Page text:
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Losing all the water in steam/oil boiler every day - changed return lines - still losing water

We are losing water in our boiler. We used to fill it once a month, then in the last 6 months we now have to fill it three times a day. We have no knocking or visible leaks in the three story house radiator/valve system. One valve in the 2nd floor bathroom spits a little steam. We were told it was the return lines and had them replaced this week. This has not worked, the boiler still needs to be filled three times a day, even though the return lines have been replaced to the boiler. No lines are now underground they are all above ground. We don't see water on the floor in the boiler room. The boiler vents to the chimney. The boiler is old, possibly original to the 1935 house. The metal is fatigued. There is not an auto feed on the boiler, there is an auto cut off mechanism when the level of water drops. The house pitches towards the boiler, so that should help the water/steam to return through the return line we thought. Can anyone help us solve this mystery. We had the return pitched to avoid knocking a few years back but the draining problem started happening a year ago. Can anyone help us work through this problem. We have had one technician and two contractors and a plumber look at everything, and they all said change the return lines. We did that and it has not worked. Any help would be very much appreciated.


  • clammyclammy Member Posts: 1,996
    older boiler and losing water

    After all the regular suspects are ruled out  ie buried returns and holes  above the water line which is checked by flooding the boiler to the top and visually checking for leaks and leaking valves ,raditor and main vents there is usually only one other suspect which is usually the hardest to find due to its location and this is very true which older dry base boiler which sat on a cast iron box or fire brick .I have ran into this twice and the leak was the old push nipple on the water side  which only leaked durning firing and ran unseen into the concrete from inside the fire box very hard to see and always means replacement .When  the boiler was being removed and was stripped out  it was not until we poped them apart that we noticed the wet concrete right under the original fire brick ate a hole through the cement and was draining under the basement floor undermining under neather the fire box .This was a1920 arco boiler piped to a early trane vapor system the push nipple was like a sheet of tin foil thin ,We had tryed to find this leak for about 1 month and original advised the home owner that they had got there money worth and really needed a new boiler they finally went for it and there mystery water lost was solved .If the boiler is that old get a properly sized one properly installed with a over sized header and you will see your fuel comsumption drop espically if this is a close to 100 year old boiler ,new boiler are quite  a bit more effecient but don't go cheap and make sure you get some one who is experenced with steam other wise you may not be happy peace and good luck clammy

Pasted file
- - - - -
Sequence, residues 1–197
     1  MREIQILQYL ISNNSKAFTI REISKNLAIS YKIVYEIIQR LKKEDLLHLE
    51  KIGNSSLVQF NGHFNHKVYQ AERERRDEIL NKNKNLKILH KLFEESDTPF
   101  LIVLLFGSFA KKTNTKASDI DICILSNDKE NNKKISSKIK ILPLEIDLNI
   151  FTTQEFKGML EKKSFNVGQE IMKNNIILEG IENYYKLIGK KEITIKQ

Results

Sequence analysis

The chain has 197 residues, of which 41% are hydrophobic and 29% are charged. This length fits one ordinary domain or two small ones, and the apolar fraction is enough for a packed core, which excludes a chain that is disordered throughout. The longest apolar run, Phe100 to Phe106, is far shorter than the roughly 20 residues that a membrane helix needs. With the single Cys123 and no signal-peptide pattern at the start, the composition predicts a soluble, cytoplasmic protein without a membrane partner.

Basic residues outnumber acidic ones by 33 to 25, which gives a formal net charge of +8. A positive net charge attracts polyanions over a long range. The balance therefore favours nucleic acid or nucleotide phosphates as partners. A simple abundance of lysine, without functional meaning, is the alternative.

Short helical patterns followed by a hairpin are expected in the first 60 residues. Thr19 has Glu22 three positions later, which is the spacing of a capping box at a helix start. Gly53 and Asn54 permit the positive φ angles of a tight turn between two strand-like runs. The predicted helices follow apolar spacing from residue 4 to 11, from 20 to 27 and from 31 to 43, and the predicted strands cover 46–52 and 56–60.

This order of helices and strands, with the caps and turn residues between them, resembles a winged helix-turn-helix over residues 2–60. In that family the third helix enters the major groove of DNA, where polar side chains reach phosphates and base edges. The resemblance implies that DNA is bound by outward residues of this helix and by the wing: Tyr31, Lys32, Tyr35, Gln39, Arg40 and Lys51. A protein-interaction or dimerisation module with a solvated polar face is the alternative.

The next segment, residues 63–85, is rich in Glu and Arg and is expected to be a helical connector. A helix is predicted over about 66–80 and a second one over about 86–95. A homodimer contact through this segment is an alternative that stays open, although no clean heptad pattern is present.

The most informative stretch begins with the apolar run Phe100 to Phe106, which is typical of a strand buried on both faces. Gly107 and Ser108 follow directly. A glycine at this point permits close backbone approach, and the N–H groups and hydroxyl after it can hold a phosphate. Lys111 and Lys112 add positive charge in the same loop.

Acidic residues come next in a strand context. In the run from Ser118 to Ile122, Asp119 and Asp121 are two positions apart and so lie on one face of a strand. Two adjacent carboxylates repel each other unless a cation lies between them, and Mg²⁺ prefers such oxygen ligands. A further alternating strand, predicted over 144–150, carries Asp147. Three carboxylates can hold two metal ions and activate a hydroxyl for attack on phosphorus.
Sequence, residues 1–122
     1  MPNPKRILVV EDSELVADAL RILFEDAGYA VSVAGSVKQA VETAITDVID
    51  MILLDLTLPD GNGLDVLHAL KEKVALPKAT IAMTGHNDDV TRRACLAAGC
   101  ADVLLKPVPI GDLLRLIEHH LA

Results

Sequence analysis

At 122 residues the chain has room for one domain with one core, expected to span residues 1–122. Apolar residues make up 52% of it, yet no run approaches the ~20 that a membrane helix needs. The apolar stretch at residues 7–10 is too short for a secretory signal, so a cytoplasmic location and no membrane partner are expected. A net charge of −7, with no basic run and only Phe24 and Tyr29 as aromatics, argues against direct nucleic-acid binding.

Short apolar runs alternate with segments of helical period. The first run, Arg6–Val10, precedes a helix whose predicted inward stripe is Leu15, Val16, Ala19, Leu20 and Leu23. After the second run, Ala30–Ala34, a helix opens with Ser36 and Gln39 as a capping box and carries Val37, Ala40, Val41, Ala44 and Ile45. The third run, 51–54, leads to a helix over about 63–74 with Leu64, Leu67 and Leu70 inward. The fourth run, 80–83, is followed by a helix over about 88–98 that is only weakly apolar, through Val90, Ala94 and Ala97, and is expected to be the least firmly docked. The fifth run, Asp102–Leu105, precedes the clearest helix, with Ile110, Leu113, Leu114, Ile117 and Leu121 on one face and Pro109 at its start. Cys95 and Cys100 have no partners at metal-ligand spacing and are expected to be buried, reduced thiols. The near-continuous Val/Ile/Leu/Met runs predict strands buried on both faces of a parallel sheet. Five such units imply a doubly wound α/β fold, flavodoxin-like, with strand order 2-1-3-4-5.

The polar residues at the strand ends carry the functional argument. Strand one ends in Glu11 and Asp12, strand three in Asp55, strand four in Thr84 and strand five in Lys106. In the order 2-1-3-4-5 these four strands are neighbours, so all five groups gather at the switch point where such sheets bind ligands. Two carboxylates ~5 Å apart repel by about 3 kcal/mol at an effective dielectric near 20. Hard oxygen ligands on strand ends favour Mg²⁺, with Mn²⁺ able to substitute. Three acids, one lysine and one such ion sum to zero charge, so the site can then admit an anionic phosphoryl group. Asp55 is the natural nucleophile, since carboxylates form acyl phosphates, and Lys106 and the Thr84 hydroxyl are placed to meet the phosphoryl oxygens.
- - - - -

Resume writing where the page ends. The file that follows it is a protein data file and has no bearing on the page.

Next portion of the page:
• Mark NMark N Member Posts: 1,035
    Old Boiler

    Your boiler is 78 years old. It sounds like it has earned its retirement. The amount of water your losing most likely the boiler has developed either a hole in a section or a crack. time to replace.
  • JamesC in Stamford CTJamesC in Stamford CT Member Posts: 83
    edited February 2013
    is there white smoke coming out the chimney?

    If there are absolutely no leaks in any of the pipes, radiators, valves, etc., then it is quite possible that there is a leak in the boiler that would be sending steam/water into and up the chimney. Sometimes you can see smoke coming out of the chimney (really it would be moisture that condenses when it hits cold outer air, it is not smoke).

    But be sure to check all the pipes and radiators and valves again, sometimes you will not notice it clearly, but there could be a leak someplace.

    I also wonder if the water feed valve is faulty such that the boiler is pushing hot water backwards into the water supply -- touch the pipes on the water supply side of the valve, many feet away from the valve, to see if it is unusually hot from being filled with backwards flow (not likely since the supply pressure should be much much higher than the boiler pressure, but worth a check in case there is pressure problem in your water piping caused by some improper piping).
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